Newland finds himself drawn to her, and she moves him to impulses of honesty and passion that put him in conflict with the rich, conservative society he comes from.
The volume in the Mount’s library is the sixth printing of the first edition. This is the edition Wharton kept for herself, the Mount’s house manager, Anne Schuyler explained.
Wharton revised the first printings, and this one may have felt most complete to her.
Dennis and Andrea Kahn have given it to the Mount to celebrate the 100th anniversary, and Dorhout marvels at Wharton’s signature and bookplate as she traces it this copy back through Wharton’s godson, Colin Clark.
In its light, Wissler has been studying Wharton’s revisions, and some she finds deeply revealing. In the earliest printings, she said, Newland and May’s wedding opens with a line from a burial ceremony, “For as much as it hath pleased almighty God of his great mercy …” It comes from book of common prayer, a book Wharton had known intimately since her childhood.
Re-reading the book, Wissler finds the sensation of being buried in many places. An editor asked Wharton about that opening line in a letter, she said. Wharton spent a sleepless night over it, and she changed to the more familiar opening for the wedding ceremony, “dearly beloved, we are gathered here …”
The first choice feels like a powerful subconscious reaction, Wissler said, as though in that moment, when Newland turns away from Ellen, Wharton sees the death of the intense, ardent, active life he could have had.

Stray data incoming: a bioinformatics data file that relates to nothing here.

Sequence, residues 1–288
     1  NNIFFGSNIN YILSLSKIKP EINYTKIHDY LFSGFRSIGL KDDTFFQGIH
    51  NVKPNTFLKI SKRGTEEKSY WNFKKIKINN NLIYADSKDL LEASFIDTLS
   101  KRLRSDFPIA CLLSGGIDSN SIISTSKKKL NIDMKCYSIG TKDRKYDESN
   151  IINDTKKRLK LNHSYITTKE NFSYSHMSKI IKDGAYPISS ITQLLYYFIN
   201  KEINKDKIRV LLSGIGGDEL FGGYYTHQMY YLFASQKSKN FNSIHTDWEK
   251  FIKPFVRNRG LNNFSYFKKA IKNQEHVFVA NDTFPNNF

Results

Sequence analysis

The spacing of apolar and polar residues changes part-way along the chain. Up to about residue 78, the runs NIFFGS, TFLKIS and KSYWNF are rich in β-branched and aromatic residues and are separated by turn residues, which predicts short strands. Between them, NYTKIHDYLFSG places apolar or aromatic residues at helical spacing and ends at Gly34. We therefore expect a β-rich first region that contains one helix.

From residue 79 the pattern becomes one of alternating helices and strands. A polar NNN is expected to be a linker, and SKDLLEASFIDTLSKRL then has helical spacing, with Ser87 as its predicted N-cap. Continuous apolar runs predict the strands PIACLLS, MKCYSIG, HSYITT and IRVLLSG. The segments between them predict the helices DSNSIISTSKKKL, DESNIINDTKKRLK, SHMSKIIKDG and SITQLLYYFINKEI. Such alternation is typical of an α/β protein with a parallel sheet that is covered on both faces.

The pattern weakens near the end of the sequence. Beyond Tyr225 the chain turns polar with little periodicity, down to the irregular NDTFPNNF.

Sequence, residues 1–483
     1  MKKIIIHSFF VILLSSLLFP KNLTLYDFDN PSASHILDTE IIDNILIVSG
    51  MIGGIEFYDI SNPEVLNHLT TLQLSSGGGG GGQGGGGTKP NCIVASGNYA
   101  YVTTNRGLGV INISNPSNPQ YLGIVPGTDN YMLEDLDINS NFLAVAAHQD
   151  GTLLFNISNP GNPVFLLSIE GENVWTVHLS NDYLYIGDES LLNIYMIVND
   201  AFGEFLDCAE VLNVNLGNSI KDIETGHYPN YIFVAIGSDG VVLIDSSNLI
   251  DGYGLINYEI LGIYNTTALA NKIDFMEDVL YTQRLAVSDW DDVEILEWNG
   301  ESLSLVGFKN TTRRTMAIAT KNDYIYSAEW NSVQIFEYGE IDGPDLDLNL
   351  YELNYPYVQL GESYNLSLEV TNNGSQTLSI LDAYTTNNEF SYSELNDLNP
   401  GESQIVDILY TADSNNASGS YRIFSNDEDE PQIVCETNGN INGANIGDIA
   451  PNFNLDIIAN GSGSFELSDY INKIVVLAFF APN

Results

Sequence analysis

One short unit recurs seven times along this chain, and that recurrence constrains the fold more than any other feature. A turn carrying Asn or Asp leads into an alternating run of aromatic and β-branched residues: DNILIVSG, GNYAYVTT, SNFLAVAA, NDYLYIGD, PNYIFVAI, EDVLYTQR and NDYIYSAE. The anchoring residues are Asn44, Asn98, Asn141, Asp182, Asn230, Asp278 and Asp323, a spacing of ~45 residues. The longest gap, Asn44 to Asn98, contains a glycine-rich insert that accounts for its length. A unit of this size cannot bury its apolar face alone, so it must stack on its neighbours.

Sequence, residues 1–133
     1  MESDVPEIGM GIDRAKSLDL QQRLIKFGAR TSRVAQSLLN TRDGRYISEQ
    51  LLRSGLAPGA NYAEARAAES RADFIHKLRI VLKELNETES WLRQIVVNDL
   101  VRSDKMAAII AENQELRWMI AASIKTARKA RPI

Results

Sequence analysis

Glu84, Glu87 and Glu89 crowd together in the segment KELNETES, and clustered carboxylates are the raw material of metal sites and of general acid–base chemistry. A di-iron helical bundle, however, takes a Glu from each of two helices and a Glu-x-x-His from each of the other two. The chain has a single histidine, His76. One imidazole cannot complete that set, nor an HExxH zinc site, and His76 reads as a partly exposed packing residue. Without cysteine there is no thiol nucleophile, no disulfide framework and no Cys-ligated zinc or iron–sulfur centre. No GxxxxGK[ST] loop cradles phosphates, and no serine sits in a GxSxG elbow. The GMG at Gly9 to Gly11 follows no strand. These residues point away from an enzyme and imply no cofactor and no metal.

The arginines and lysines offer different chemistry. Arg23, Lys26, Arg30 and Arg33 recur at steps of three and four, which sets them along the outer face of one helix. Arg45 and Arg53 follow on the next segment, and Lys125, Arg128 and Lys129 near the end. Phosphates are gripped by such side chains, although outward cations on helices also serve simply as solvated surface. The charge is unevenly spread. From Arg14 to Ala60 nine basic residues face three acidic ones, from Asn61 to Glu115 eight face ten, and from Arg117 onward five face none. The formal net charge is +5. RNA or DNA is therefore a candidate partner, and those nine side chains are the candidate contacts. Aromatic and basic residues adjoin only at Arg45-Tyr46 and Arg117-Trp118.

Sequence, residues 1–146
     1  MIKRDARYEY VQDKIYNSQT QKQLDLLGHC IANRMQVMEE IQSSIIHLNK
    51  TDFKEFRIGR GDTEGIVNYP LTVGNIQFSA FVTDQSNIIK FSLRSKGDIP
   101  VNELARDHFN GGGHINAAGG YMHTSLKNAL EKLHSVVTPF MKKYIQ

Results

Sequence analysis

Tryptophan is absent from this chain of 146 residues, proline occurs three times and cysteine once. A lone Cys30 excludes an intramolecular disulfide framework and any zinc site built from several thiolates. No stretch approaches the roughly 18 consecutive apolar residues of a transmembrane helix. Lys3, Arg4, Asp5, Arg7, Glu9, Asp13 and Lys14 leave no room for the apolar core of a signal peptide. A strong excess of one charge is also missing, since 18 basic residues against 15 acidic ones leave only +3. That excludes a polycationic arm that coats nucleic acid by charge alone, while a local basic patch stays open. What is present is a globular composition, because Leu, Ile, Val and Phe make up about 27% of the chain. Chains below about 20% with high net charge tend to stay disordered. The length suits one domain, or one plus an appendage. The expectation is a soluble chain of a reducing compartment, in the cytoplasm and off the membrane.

Wharton herself left New York, left her husband and family, and left America. She became a writer and came to Paris, as Ellen does. By the time she wrote Age of Innocence, she had gotten a divorce, had a lover and insisted on more. She had chosen a creative life and friends. And she had lived through five years of World War I.
“In the war, everything changed,” Schuyler said. “The rules of society changed. They lost an entire generation in France and Britain.”
Wharton had lived in Paris under German bombardment. She had stood the trenches within sight of the German guns. As she began Age of Innocence, men were coming home from the war shell-shocked, Daly said — or not coming back.
She thought of different plots, Wissler said. But she never imagined a plot where Newland breaks off his engagement with May to marry Ellen Olenska. And she never thought out one where he touches what he sees in May’s soul, the “glow of feeling that it would be a joy to waken.”
In Wharton’s book at the Mount, someone has set off a passage near the end with faint pencilled lines. It describes all that Ellen Olenska has lived and Newland has not: “She had become the composite vision of all that he had missed.”
She is living in a sunlit street near the Louvre, among paintings and gardens and conversation. And he turns away.
But Ellen keeps her independence, Daly said, and she is happy in it. And that is radical.
This story first ran in the Berkshire Eagle. My thanks to features editor Lindsey Hollenbaugh.